The object in an empty box

“Love and death are the two great gifts given to us. Mostly they are passed on unopened.” – Rainer Maria Rilke

This quote was spoken softly into my ears in the almost too-intimate way that earbuds can achieve when set at just the right volume at just the right moment. The quote was recited by the Zen Roshi Joan Halifax at the Upaya Zen Center. I had tuned in to her dharma talk titled Exploring Questions of Love & Compassion out of a kind of grasping desperation to understand the dull, aching loss in my chest.

The wise Roshi’s words played in my ears as I guided an old rusted Ford F150 out of the parking lot of a veterinarian’s office. Next to me in the passenger’s seat was a plastic tub containing the body of a dead chicken. A mere half hour earlier the chicken was very much alive, yet suffering from a wicked case of wry neck, a relatively common condition that causes the bird’s neck to involuntarily twist into a corkscrew that looks like a neurological spasm or a stroke. We noticed the symptoms on Monday, and on Thursday she was euthanized.

Wry neck doesn’t always necessarily kill the afflicted hen. Chicken enthusiasts online report a range of full or partial recoveries. Frustratingly, the condition can be caused by something as benign as dehydration or vitamin deficiency, to more serious factors like head trauma, genetics, and even brain cancer. I decided to treat the hen for the first two possibilities to no avail. The poor thing couldn’t get anything down, and she was fading fast.

This all capped a difficult year for our little skeleton flock. We started last Spring with 36 fertilized eggs and struggled to maintain the humidity levels on our new and cheaply-made incubator. Out of the 36, only 24 hatched. Not bad for a first go, but by no means considered successful. Failing to sell any of the chicks in the first few weeks of life, a dozen of the pullets (adolescent chicks) were given to a bigger farm in the country to alleviate space constraints. A few days later, those dozen met their fate when a marauding snake gobbled them up (one predator we don’t see many of in the city, thankfully). Out of our remaining 12, 6 turned out to be roosters and had to be jettisoned (due to strict city noise ordinances). One of our remaining 6 – a hen nicknamed “Hopper” by the children thanks to her odd pogo gait – pulled a David Copperfield and mysteriously disappeared. Now down to a spindly 4, a nasty cold snap took the life of our runt “Tiny”, who I wrote about previously. And then there were 3: two identical and bossy Barred Rocks and a gentle, soft as silk, white Leghorn with no name and a heart of solid gold.

Guess which one contracted wry neck? Hint: it never happens to the bossy ones.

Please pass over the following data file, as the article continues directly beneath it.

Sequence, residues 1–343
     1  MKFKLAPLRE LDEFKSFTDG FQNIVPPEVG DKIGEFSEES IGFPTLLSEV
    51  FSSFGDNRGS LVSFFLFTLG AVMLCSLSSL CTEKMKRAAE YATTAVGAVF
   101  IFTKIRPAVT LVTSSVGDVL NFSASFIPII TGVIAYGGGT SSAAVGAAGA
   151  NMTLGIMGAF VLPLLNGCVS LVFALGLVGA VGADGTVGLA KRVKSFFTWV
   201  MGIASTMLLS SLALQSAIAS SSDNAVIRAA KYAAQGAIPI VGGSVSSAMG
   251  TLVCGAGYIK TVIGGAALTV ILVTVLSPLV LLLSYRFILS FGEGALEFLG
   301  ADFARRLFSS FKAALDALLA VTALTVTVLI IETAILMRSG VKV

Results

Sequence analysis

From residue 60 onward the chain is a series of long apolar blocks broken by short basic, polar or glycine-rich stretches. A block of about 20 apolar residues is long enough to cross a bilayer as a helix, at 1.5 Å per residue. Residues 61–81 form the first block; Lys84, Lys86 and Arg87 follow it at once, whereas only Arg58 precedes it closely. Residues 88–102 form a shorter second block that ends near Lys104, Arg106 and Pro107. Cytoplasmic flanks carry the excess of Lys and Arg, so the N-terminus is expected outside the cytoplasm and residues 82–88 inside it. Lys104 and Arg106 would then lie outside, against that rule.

In the vet’s office we crouched around our pathetic patient. First the doctor gave me the option of a leaving her overnight for a battery of tests and treatment, to the tune of several hundred dollars. Then she leaned closer and said, “or…our euthanasia services are twenty dollars”, and held her gaze until I said OK.

At that moment, death was the culmination of my failure to find the cause and my failure to find a cure. My failure to be a caretaker. My failure to protect. It was all about me.

Later as I drove away with a lifeless chicken and heard those words – Love and death are the two great gifts that we pass on – I was released. Released from the guilt and the shame. Released from the burden. Released from myself, actually. I had passed the gift on, just like someday the gift will be passed on to me. The lump in my chest dissolved and was lifted.

But what about the other half of the poet’s words? …and usually they are passed on unopened. Had the gift been opened? And if so, was it opened by me or the hen? I decided not to dwell on this question, and instead appreciated it as just a question, just poetry. And I was reminded of a line from one of my favorite songs by Smog:

Love is an object kept in an empty box.

Truth is not always understanding. Sometimes saying “I don’t know” is the most truthful thing we can do.

As Roshi Joan Halifax said in her talk, it’s about “having the courage to sit in the stormy seas of our world. To sit in the stormy seas of our mind, and to bear witness. And to let that storm begin to calm down. And the thing that whips that storm into being is the poison of the ego, the poison of the small self.”

Every day we are given the gift of life. Some days we are given the gift of death. On the best days, we are able to give the gift of love. On those days, open it and be grateful.


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